The Origin of Species (Charles Darwin): two main ideas – descent with modification (evolution) explains life’s unity and diversity and that natural selection brings about the match between organisms and their environment.
Evolution is supported by an overwhelming amount of scientific evidence
Fossils in a particular stratum provide a glimpse of some of the organisms that populated Earth at the time that layer formed. Later, erosion may carve through younger strata, revealing older strata that may have been buried. Paleontologist, Cuvier, noted that the older the strata the more dissimilar its fossils were to current life forms. He observed that from one layer to the next some new species appeared while others disappeared. He inferred that extinctions must have been a common occurrence in the history of life.
Rivers carry sediment into seas and swamps. Over time sedimentary rock layers (strata) form under water. Some strata contain fossils. As water levels change and the seafloor is pushed upward, the strata and their fossils are exposed.
Evolution is a process of descent with modification: characteristics present in an ancestral organism are altered (by natural selection) in its descendants over time as they face different environmental conditions. As a result, a species can have characteristics with an underlying similarity even though they may have different functions = homology
Even though they have become adapted for different functions, the forelimbs of all mammals are constructed from the same basic skeletal elements. Such striking anatomical resemblances would be highly unlikely if these structures had arisen anew in each species. Rather, they are homologous structures that represent variations on a structural theme that was present in their common ancestor.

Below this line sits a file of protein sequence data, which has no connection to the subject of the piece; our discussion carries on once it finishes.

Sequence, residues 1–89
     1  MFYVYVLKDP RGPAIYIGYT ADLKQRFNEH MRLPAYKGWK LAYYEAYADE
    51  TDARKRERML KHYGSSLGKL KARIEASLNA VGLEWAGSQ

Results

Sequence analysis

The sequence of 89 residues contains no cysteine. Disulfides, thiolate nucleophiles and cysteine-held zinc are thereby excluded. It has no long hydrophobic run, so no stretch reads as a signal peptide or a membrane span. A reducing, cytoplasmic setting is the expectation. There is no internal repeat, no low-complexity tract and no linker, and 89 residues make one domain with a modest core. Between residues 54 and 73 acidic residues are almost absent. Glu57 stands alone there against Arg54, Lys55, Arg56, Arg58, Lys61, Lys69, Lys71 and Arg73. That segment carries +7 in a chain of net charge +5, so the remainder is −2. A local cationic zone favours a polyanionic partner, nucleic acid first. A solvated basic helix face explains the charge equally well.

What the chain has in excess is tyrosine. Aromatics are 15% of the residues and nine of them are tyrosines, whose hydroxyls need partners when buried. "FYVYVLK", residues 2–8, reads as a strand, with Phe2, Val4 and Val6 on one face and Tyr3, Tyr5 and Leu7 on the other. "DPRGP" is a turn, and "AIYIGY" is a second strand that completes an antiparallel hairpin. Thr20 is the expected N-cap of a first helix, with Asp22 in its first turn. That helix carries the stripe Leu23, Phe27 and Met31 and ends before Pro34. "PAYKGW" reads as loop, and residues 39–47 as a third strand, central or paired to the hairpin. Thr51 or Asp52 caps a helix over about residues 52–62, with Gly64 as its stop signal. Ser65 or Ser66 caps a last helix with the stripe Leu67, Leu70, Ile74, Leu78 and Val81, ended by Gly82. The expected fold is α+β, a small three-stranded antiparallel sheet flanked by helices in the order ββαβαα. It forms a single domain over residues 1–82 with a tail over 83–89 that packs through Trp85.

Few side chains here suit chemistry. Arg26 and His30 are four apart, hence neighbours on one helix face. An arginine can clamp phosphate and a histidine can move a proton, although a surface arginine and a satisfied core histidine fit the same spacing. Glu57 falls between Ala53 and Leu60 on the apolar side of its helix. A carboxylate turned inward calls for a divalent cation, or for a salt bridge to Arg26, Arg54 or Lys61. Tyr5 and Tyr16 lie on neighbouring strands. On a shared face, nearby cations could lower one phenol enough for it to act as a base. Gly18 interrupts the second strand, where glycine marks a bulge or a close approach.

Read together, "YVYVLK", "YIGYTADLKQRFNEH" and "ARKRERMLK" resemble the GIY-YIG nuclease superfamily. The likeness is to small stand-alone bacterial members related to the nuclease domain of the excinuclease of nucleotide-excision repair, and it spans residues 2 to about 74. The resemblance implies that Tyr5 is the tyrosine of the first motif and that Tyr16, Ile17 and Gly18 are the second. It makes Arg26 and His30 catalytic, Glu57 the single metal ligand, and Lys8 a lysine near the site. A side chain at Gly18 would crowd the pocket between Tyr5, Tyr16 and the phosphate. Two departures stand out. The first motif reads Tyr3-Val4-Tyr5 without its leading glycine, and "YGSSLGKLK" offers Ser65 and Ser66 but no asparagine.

At some point in development, all vertebrate embryos have a tail located posterior to the anus, as well as structures called pharangeal pouches (which develop into structures with very different functions, such as gills in fishes and parts of the ears and throat in humans and other mammals)
Convergent evolution: the independent evolution of similar features in different lineagesConvergent evolution: Sugar glider (Australian marsupial) has a eutherian look alike, the flying squirrel in North America. But the sugar glider is much more closely related to kangaroos and other Australian marsupials than to flying squirrels and other eutherians. Although they evolved independently from different ancestors, these two mammals adapted to similar environments in similar ways. Thus species share features because of convergent evolution, the resemblance is said to be analogous, not homologous
eutherian: placental: mammals having a placenta (flying squirrel); all mammals except monotremes and marsupials (sugar glider)
Adaptations: characteristics of organisms that enhance their survival and reproduction in specific environments
The Galapagos islands are home to more than a dozen species of closely related finches, some found only on a single island. The most striking differences among them are their beaks, which are adapted for specific diets.
inference: A conclusion reached on the basis of evidence and reasoning.
Related species of the insects called mantids have diverse shapes and colours that evolved in different environments.
Heritable traits – traits that are passed from organisms to their offspring i.e. no evidence that acquired characteristics (modified during its lifetime) can be inherited by offspring even if they help the organism in it’s environment.